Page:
The wildfire that swept across Maui a week ago turned one of the nation’s most celebrated island vistas into an ashen moonscape and killed at least 99 people, a number that officials warn could rise by scores as the search continues.
The deadliest wildfire in the U.S. in more than a century devoured homes and businesses, blackened cars and left only ruins where thriving neighborhoods once stood. In some places, the flames advanced as fast as a car at highway speed — a mile a minute.
The most serious blaze swept into Lahaina on Aug. 8 and destroyed nearly every building in the town of 13,000. When the flames were out and the smoke cleared, all that remained was a grid of gray rubble wedged between the blue ocean and lush green slopes.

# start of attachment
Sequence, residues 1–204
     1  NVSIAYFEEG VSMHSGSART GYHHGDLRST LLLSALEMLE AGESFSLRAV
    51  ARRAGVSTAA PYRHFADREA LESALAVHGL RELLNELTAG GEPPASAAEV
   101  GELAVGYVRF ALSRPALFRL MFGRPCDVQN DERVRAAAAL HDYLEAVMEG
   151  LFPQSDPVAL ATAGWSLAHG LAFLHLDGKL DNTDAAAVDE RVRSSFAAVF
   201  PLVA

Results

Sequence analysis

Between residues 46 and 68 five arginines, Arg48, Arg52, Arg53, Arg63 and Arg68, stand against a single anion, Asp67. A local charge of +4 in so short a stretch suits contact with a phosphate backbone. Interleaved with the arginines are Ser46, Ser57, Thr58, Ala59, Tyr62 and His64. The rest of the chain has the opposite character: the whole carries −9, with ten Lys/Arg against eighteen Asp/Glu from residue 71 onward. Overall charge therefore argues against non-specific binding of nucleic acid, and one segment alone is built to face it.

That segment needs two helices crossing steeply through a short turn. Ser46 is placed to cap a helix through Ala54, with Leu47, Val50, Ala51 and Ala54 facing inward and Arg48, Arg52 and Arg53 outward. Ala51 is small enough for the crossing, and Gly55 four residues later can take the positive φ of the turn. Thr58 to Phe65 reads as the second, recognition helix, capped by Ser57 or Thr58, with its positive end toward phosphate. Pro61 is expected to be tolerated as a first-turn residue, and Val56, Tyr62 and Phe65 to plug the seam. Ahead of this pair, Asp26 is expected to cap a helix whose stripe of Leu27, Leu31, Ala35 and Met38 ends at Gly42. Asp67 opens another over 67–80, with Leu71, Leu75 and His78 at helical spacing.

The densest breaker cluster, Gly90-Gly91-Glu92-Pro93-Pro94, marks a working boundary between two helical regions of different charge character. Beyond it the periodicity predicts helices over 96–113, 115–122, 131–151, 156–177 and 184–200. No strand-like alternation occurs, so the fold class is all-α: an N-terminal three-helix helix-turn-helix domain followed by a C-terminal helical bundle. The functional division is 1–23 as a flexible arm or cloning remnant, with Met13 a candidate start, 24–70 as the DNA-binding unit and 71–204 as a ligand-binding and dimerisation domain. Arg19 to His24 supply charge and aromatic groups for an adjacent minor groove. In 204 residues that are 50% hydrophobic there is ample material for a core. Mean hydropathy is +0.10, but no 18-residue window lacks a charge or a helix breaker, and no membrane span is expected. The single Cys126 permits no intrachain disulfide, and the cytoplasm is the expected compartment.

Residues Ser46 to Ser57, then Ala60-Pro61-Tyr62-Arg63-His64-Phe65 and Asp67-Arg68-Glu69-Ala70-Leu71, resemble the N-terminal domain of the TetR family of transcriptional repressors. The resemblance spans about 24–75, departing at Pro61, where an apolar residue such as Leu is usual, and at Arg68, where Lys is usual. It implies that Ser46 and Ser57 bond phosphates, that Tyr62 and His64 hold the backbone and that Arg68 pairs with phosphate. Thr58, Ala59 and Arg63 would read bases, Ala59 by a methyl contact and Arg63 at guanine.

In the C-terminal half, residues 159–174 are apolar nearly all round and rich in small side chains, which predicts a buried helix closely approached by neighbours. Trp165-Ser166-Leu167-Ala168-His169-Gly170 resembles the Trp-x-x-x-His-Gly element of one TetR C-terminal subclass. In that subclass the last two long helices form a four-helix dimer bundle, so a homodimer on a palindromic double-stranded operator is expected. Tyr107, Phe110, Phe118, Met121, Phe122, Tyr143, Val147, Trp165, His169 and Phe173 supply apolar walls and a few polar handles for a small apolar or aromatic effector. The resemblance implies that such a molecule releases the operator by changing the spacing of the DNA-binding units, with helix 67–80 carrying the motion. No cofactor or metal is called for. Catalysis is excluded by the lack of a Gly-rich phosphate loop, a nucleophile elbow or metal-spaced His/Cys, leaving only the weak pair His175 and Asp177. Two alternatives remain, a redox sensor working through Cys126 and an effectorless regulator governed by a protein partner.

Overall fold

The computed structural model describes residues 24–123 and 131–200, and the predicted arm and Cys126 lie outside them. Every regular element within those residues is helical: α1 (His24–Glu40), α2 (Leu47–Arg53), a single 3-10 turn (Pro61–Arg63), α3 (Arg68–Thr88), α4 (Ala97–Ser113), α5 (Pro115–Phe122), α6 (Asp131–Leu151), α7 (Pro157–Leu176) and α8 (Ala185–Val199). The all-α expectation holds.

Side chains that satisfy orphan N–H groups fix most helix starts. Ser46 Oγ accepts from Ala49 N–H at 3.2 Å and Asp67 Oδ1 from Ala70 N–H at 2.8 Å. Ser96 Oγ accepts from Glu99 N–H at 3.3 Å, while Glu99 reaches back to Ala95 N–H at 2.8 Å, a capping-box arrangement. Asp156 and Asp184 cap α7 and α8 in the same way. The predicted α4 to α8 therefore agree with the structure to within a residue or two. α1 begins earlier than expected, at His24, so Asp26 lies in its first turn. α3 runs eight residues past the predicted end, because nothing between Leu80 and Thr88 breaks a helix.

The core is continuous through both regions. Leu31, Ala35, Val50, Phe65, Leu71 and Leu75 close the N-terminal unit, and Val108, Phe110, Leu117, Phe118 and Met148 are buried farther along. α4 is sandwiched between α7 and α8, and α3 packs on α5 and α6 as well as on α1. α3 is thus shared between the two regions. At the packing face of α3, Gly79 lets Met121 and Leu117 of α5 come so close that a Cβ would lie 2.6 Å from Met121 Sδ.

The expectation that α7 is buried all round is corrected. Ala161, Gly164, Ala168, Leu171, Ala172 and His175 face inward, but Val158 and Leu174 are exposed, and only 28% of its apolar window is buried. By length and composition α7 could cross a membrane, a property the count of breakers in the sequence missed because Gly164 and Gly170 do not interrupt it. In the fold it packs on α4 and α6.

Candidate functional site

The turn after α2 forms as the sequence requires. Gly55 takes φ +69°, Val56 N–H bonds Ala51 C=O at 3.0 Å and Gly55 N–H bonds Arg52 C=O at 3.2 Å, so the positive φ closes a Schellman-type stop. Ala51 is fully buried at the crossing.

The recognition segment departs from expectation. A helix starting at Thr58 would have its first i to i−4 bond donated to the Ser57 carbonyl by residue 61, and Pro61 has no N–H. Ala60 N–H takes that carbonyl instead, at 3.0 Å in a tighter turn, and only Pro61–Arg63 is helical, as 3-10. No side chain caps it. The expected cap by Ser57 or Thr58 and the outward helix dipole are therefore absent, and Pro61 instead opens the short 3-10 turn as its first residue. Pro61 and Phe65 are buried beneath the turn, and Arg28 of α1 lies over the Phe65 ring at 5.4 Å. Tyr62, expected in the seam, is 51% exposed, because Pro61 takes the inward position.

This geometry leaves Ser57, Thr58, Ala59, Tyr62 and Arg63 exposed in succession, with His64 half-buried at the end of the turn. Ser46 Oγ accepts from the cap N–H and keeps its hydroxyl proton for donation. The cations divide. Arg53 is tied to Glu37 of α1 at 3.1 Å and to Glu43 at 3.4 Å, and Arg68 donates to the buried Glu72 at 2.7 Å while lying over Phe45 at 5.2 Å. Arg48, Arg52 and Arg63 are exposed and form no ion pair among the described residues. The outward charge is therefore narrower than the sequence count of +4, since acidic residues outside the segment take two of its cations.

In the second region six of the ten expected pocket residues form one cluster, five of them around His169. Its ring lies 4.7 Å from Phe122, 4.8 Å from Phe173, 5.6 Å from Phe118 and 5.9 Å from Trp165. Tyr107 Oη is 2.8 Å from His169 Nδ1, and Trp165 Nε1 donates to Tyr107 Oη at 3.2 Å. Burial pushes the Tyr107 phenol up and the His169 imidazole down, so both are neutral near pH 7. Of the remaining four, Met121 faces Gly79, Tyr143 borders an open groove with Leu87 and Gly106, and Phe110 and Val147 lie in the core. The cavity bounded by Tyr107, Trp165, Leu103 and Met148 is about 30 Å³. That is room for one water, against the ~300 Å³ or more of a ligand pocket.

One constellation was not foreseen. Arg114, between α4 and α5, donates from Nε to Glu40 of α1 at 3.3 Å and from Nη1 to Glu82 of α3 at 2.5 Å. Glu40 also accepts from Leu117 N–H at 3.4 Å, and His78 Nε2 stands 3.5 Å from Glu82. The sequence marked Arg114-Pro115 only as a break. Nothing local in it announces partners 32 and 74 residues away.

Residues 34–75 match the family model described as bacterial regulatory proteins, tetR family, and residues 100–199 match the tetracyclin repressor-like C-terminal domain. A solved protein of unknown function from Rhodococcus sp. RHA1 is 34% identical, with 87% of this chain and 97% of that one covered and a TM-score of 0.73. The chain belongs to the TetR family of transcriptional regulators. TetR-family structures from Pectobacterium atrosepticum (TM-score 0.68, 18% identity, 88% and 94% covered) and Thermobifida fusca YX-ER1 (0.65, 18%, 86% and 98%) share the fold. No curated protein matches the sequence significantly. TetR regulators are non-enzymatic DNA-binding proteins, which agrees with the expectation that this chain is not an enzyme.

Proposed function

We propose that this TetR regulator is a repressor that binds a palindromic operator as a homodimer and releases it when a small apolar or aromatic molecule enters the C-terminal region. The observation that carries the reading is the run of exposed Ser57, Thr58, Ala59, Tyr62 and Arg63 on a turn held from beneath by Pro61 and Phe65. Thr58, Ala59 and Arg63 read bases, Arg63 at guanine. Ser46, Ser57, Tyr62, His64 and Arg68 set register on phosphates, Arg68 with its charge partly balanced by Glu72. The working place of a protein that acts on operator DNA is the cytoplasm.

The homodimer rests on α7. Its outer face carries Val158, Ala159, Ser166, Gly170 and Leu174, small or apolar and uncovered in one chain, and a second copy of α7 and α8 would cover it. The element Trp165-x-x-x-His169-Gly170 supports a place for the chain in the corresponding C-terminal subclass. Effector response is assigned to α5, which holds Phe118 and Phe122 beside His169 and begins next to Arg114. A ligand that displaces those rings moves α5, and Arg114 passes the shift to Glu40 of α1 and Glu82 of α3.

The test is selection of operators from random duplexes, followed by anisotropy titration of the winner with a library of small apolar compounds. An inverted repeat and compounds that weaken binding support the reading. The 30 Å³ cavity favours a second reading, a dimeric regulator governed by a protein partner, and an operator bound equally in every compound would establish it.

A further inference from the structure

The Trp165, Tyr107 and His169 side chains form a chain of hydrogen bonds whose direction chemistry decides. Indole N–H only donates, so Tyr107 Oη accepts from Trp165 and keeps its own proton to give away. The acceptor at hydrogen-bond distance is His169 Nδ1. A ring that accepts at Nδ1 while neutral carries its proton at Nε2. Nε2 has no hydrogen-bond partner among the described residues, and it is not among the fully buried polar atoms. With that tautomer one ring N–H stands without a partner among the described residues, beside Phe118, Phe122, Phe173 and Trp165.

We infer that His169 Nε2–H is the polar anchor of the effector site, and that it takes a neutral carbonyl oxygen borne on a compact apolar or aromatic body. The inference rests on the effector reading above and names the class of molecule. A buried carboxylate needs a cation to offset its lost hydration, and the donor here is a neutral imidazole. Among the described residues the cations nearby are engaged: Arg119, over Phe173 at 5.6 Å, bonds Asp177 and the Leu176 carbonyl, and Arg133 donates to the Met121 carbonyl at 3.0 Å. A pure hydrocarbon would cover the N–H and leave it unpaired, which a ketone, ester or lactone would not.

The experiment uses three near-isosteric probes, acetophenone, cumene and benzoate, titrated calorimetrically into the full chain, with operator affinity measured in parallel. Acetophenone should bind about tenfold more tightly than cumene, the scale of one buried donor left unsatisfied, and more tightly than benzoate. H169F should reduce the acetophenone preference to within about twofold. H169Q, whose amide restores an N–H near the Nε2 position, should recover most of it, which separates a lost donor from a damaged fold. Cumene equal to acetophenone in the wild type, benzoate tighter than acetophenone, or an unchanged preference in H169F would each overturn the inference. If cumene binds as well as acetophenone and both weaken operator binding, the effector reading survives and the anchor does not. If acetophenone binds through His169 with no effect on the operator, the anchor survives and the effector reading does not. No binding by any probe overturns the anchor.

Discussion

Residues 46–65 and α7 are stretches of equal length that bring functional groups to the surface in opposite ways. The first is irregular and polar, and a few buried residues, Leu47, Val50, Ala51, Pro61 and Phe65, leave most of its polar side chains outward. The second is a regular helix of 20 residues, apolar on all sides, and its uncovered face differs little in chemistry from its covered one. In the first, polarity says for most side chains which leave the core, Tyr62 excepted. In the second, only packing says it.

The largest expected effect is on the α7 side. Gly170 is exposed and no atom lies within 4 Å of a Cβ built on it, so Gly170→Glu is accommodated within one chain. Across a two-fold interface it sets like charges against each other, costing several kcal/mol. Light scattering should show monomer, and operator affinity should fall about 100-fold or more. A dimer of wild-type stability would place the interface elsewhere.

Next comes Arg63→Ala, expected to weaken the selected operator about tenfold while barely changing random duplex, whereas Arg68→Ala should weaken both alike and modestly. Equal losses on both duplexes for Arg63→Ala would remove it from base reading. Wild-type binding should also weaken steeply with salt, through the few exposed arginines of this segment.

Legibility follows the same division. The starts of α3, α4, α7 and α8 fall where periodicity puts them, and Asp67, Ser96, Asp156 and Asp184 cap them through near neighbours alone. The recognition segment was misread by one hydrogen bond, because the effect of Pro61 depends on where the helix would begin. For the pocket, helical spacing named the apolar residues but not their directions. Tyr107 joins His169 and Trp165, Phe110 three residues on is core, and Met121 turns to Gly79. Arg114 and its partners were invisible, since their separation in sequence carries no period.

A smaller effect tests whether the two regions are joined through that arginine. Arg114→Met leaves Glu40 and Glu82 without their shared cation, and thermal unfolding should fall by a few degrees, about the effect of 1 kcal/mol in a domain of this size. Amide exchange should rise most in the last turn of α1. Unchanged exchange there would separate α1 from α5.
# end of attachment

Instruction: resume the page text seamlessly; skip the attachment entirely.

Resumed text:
Now begins a long recovery as survivors mourn the dead, search teams look for more victims in the charred debris and families try to begin anew.
The cause of the wildfire is under investigation. Fueled by a dry summer and strong winds from a passing hurricane, the flames raced through parched brush covering the island.
The fire was Hawaii’s deadliest natural disaster in decades, surpassing a 1960 tsunami that killed 61 people. A tsunami in 1946 killed more than 150 on the Big Island.